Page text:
Before we even get to what happened on the field on Saturday night, let me vent for a second. Every time Orioles fans get to see the team on a national broadcast, it inevitably entails a slate of overpaid bloviators dealing out backhanded compliments about how amaaaaazing it is that Baltimore is playing well, given their normal state of baseball irrelevance: “Can I say that it is so refreshing to be here [in Camden Yards]? We haven’t been here for a long time.” Yeah, yeah, you are John Smoltz, but can we chill with that stuff?
To any casual fan with a pulse, the Orioles’ sizzling season shouldn’t be news—but then again, tonight wasn’t a game that would convince anybody to jump on the team bandwagon.
For two consecutive starts, Tyler Wells has looked like he’s been running on empty. Sad to say, but tonight was no different: the fastball velo was down around 92 mph, the movement not sharp, lots of things stayed up in the zone. The Orioles clearly saw the same thing: Wells was lifted in the third inning, having thrown just 63 pitches. This guy is a competitor, so to see that, you know he just didn’t have it tonight.
Tyler Wells has been so huge for the Orioles this season, with the sole blemish of being homer-prone. So it sucked but wasn’t eye-popping when Giancarlo Stanton murdered a pitch in the first inning, 116 mph off the bat, into the left-field seats to give the Yankees a quick 1-0 lead.
But the Tyler Wells we saw this year, the Wells of the sub-1 WHIP, wouldn’t issue a random leadoff walk, like he did in the second inning. He momentarily escaped damage thanks to some heads-up defense from catcher Adley Rutschman, who kept a close eye on Harrison Bader, sitting at third base with one out, and fired down the third base line, catching Bader napping. Heyo!
But that couldn’t save Wells’ night. Staked a 2-1 lead by his teammates, Wells allowed a leadoff single in the third inning, then tried to sneak a fastball by Aaron Judge. Sorry, but a belt-high 91 mph fastball is not going to cut it against the 2022 AL MVP.
That something was up with Wells soon became obvious when the cameras cut to Mike Baumann warming up, not a usual sight in the third inning of baseball games. And then, all of a sudden, Brandon Hyde was out of the dugout and Wells was out of the game. We’ve seen so many great things from Wells this year, but I’m concerned that this thing that looks like fatigue could necessitate some time on the IL.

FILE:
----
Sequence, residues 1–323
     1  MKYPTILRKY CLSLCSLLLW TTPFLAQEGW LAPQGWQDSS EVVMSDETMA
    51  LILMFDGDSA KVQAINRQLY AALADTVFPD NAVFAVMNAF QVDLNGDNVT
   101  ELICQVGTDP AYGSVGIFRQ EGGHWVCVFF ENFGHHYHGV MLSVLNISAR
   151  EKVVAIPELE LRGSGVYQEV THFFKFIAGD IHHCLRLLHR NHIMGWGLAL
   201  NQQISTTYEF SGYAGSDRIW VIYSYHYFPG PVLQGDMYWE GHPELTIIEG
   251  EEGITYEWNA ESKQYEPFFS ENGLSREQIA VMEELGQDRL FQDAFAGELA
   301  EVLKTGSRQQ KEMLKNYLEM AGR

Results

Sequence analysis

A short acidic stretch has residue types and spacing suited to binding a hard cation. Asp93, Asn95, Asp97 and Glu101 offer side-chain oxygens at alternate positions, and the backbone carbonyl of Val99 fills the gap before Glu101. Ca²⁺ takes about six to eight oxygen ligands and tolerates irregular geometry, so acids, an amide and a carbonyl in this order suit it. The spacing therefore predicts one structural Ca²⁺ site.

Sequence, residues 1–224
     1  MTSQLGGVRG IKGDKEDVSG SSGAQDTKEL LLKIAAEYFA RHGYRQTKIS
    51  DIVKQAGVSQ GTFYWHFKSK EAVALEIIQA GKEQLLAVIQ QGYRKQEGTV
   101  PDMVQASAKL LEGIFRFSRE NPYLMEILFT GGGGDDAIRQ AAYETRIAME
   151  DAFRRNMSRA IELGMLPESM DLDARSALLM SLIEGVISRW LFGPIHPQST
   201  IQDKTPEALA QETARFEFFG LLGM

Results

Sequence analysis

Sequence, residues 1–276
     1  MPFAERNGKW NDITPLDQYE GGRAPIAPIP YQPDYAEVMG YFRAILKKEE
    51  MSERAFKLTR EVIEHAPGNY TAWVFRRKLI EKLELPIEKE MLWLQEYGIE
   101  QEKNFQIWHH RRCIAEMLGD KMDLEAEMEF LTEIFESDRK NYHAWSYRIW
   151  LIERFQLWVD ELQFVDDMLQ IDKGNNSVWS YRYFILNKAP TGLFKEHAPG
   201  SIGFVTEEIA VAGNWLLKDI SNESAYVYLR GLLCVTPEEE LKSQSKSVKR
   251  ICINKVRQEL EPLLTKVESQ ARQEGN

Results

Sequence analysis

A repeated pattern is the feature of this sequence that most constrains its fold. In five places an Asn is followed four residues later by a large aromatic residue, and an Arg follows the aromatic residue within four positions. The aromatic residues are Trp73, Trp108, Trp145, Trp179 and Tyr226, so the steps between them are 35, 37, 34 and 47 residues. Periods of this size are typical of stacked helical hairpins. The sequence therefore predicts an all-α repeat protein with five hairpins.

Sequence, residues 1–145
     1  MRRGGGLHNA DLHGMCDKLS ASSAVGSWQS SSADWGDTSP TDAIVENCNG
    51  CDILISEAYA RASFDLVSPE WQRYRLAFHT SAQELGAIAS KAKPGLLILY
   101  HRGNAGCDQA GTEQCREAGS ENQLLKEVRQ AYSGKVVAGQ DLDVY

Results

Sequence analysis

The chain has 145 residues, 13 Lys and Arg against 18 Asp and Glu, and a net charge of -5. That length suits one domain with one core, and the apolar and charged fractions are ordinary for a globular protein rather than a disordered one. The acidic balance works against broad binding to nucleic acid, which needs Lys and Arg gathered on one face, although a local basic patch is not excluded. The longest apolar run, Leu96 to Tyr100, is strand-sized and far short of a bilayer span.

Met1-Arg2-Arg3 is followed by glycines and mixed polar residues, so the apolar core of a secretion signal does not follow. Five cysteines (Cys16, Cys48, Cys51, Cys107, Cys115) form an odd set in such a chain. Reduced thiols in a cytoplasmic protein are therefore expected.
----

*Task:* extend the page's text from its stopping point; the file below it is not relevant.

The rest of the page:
It was still a close 3-2 game when Wells left, and that was thanks to the combined efforts of Ryan Mountcastle, Adam Frazier, and Ramón Urías in the second inning. Brandon Hyde was standing by the O’s dugout with Ken Rosenthal’s mic in his face just as Mountcastle blistered a first-pitch sinker from Clarke Schmidt into the right-field seats to tie the game. “Swing it, Mounty!” said Hyde on the broadcast as the big righty trotted past him into the dugout. The O’s scored one more, with Adam Frazier doubling and scoring on a two-out infield single just legged out by Ramón Urías.
That was the nicest part of the game, because come the fourth inning, the Orioles were down a run, out a starting pitcher, and had 18 outs left to cover. It wasn’t a great situation.
Almost immediately, Mike Baumann allowed a fourth Yankees run to trickle in on two singles and a sac fly. None of those balls was particularly hard, but let’s be honest: Baumann leaves too many pitches over the middle. John Smoltz commented from the booth, “They’re going to have to make some better pitches against a team that’s been struggling to score some runs.” Of course, Smoltz was right.
The two-run hole momentarily shrunk against Schmidt in the fifth inning—Adley walked, Gunnar Henderson doubled the opposite way, and Tony Taters drove Rutschman home with a grounder to bring the Orioles within one.
But it grew right back, all the way to a lopsided 8-3 score by the sixth. Cole Irvin, the third Orioles’ pitcher of the night, came out for his second consecutive inning, and the No. 9 hitter, Kyle Higashigaoka, pummeled a homer over Walltimore. I can report that the pitch was a meatball. Irvin then loaded the bases with singles, and Hyde decided to try his luck with Bryan Baker, against whom opposing hitters are averaging .400 with the bases loaded. More bad news: that number went up tonight. Baker whiffed DJ LeMahieu but Isiah Kiner-Falefa saw 10 pitches, and the tenth was hittable. Like that, three runs were in and Saturday night seemed fated to be stamped with a big fat “L.”
(By the way, if you’re a desperate vulture for bright spots, Baker’s statline will look great to future score-watchers: 1.2 IP, 1 H, 0 R, 1 BB, 3 K’s. And Cionel Pérez pitched two scoreless, hitless, and walk-less innings, looking better than he has in a long time.)
Some time after Wells departed, MLB beat writer Jake Rill tweeted this out:
Here's what #Orioles GM Mike Elias said yesterday when he was asked about the high innings totals for the team's young starters (including Tyler Wells), most of whom have not pitched this much in a season before: pic.twitter.com/CcNW7H6Faf— Jake Rill (@JakeDRill) July 30, 2023
Good as this team is, they’re looking a little thin these days in the starter/middle relief departments. Mike Elias, are you feeling the heat yet?